So many young people living with Crohn’s disease or ulcerative colitis don’t feel comfortable talking about their symptoms
New York, NY (Vocus) May 19, 2010
The Crohn’s & Colitis Foundation, the leading nonprofit aimed at finding cures for Crohn's disease and ulcerative colitis, two chronic and painful digestive diseases collectively known as inflammatory bowel diseases, today announced that Alexander Noyes, drummer for the American pop rock band Honor Society, will participate in its annual Day on the Hill event, May 19 through 20 in Washington, D.C. in conjunction with World IBD Day. Honor Society recently concluded headlining their ‘Here Comes Trouble Tour’ which hit over 30 US cities.
Like hundreds of thousands of other young people across the country, Alexander lives with Crohn’s disease, and knows very well the impact it can have on everyday life. In addition to colitis, Crohn’s most often strikes young adults in the prime of their lives. The diseases—which often bring on pain, fatigue, weight loss, absences from school, frequent visits to the doctor, medication side effects, and surgery—can make life isolating and overwhelming for young adults.
“So many young people living with Crohn’s disease or ulcerative colitis don’t feel comfortable talking about their symptoms,” says Noyes. “I want to change that so I am participating in the Crohn’s & Colitis Foundation’s annual advocacy event, Day on the Hill, to bring awareness to these poorly understood diseases so Crohn’s and colitis become illnesses we can openly talk about—like cancer or diabetes, and hopefully find a cure one day.” Alexander seeks to spread a positive message to young adults who face the same challenges he does.
Alexander’s involvement in Day on the Hill will enable the Foundation to come even closer to accomplishing its mission of increasing awareness about Crohn's and colitis, funding research for better therapies and a cure, and providing education and support to those living with these diseases, especially the young adult population. Alexander will speak to advocates from across the country at a dinner event and meet with local legislators and encourage them to pass the IBD Research and Awareness Act, which currently has 100 co-sponsors in the House and Senate. This important piece of legislation will help the 1.4 million Americans with Crohn’s disease and ulcerative colitis. Advocates can contact their legislators through http://www.ccfa.org/advocacy and encourage them to support this bill.
Honor Society’s debut album, Fashionably Late, was released in September 2009 and hit the Billboard charts at #18 in its first week. Since the spring of 2009, Honor Society has been named a breakout band to watch by Rolling Stone, identified as a Buzzworthy band by MTV and earned an opening spot on one of the biggest tours of the summer as they joined the Jonas Brothers and Jordin Sparks on the North American leg of the Jonas Brothers World Tour 2009. In addition, Honor Society recently expanded its fan base by performing with Grammy winning producer and singer, Timbaland as part of his 'Shock Value 2 Tour'.
Like Alexander, musician Mike McCready, lead guitarist for the band Pearl Jam, lives with Crohn’s disease. Diagnosed over 20 years ago, McCready believes in the Crohn’s & Colitis Foundation’s efforts to raise much-needed awareness of and funds for Crohn’s and colitis patients. “There have been countless times over the years that I have suffered the sudden and crippling effects of a Crohn’s attack while on the road,” says McCready. “It’s so important for people to recognize the physical and emotional ups-and-downs that Crohn’s and ulcerative colitis patients go through on a daily basis.”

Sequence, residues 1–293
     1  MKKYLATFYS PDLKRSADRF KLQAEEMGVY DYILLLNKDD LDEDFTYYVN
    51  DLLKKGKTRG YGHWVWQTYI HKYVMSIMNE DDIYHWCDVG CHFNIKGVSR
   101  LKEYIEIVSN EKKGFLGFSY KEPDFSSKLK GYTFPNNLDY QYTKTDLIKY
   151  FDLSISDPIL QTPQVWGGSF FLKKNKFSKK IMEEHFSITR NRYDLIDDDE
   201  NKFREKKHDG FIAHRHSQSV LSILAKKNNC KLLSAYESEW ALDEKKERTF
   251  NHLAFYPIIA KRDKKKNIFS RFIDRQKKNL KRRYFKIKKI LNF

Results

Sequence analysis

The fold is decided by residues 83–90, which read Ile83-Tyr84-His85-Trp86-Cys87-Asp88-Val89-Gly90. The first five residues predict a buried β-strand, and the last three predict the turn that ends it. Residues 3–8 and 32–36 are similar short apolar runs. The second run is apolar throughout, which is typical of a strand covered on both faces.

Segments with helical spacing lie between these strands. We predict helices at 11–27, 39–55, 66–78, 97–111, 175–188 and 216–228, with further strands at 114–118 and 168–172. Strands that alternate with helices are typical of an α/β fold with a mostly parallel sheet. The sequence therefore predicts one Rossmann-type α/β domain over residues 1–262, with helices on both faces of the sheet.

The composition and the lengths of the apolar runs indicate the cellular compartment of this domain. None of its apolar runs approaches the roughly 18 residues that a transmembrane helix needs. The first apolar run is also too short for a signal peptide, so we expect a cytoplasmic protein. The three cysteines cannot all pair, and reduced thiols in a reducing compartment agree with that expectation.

About Crohn's Disease and Ulcerative Colitis
Crohn's disease and ulcerative colitis are painful, medically incurable illnesses that attack the digestive system. Crohn's disease may attack anywhere, while ulcerative colitis inflames only the large intestine (colon). Symptoms may include abdominal pain, bleeding, fever and weight loss. Many patients require hospitalization and surgery. These illnesses can cause severe complications, including colon cancer in patients with long-term disease. Some 1.4 million American adults and children suffer from Crohn's disease or ulcerative colitis, with as many as 150,000 under the age of 18. Most people develop the diseases between the ages of 15 and 35.
About the Crohn's & Colitis Foundation of America
The Crohn's & Colitis Foundation of America's mission is to cure Crohn's disease and ulcerative colitis, and to improve the quality of life of children and adults affected by these diseases. The Foundation ranks third among leading health non-profits in the percentage of expense devoted to research toward a cure, with more than 79 cents of every dollar the Foundation spends goes to mission-critical programs. The Foundation consistently meets the standards of organizations that monitor charities, including the Better Business Bureau's Wise Giving Alliance and the American Institute of Philanthropy. For more information, contact the Foundation at 800-932-2423 or visit the CCFA web site.
About World IBD Day
An international community of IBD patient groups will join thousands of gastroenterologists from around the world to in celebrating the first "World IBD Day" -- dedicated to Crohn's disease and ulcerative colitis awareness – on May 19, 2010. This event is led by patient organizations representing 27 countries on four continents. Patient groups from the United States, Canada, Australia, 23 European nations, and Brazil are working in collaboration with the World Gastroenterology Organization (WGO) to draw awareness to inflammatory bowel diseases. Visit http://www.worldibdday.com or follow @worldibdday on Twitter.
Crohn's & Colitis Foundation